What is Black Tea?

5-minute guide into the world of Black tea.


Black tea is one of those tea types that tends to be left on the side of the road as people embark on their true tea journey.

This is because there is so much poor-quality Black tea made to satisfy the commodity market that, for many, it becomes associated with low-quality tea.

This could not be further from the truth! Sure there are boat-loads of basic Black tea out there, but the really high-quality stuff occupies a rarefied atmosphere of some of the finest teas on Earth.


The process to make Black tea will vary from place to place, but the defining feature of Black tea production is to roll the leaf before fixing. Here is the outline process:

Picking -> Withering -> Rolling -> Oxidising -> Drying

Black tea pickings can vary but are usually delicate plucks of buds and young leaves.

The pickings are withered to develop aromatics and reduce water content in the leaves. Once they are soft and limp, the leaves are rolled heavily. This is usually achieved using small-batch rolling machines, which twist the leaves by rotating them over a ridged surface. Some very-expensive Black teas are rolled by hand and are very labour-intensive.

The goal with rolling is to break the outer membrane of the leaf and bring all of the leaf juices to the surface for fuller oxidation. It is important to avoid tearing the leaves if the desire is to make whole loose-leaf tea.

The rolled leaves are then piled up and left in a warm and humid environment to oxidise.

Black tea is often called ‘fully-oxidised’ tea but this is not the case. The oxidation can be stopped at any time by the producers and even a tea which is left for a day to oxidise will never reach 100% oxidation. Indeed, there are some Oolongs which may be more oxidised than lighter Blacks – the key defining attribute of a Black tea is that the leaves were rolled before any fixing process.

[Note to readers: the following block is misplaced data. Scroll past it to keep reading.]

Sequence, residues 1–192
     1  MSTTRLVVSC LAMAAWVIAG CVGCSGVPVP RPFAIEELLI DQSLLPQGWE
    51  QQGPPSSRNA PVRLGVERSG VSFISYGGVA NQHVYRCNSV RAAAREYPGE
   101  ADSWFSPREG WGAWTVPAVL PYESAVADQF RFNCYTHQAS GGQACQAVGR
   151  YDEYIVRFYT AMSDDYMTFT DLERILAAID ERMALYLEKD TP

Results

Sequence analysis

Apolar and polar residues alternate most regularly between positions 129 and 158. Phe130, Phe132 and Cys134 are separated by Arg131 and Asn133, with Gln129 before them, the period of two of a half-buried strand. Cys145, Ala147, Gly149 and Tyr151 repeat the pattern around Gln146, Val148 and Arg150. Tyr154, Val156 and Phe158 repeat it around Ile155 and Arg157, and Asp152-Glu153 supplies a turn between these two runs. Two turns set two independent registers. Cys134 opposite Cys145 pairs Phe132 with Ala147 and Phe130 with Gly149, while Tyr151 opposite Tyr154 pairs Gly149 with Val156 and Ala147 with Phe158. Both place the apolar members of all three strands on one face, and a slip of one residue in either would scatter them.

After oxidising, the tea transformation is ‘fixed’ by drying in ovens or over charcoal. Sometimes the tea is smoked or roasted to change the character of the brew.

Black teas will continue to change over the years; the amount of transformation depends on whether the leaves were heated at a high temperature (not much change) or dried over low heat (more change).

All of this is a world away from commodity Black tea, which is mulched up using a CTC (crush, tear, curl) machine to produce tea destined for blending and tea bags. These teas should be avoided unless you are planning on adding lemon, milk or sweeteners to calm that bitter astringency.


I recommend our BLACK TEA HEADLINERS selection to taste some classic pinnacle Blacks.

For Chinese Blacks, it is worth tasting the differences between the classic origins of Yunnan, Fujian and Anhui. Feel free to treat yourself to a Jin Jun Mei (one of the most expensive luxury Black teas) but beware that there are a lot of uninspiring JJM’s out there, so only buy from trusted sellers.



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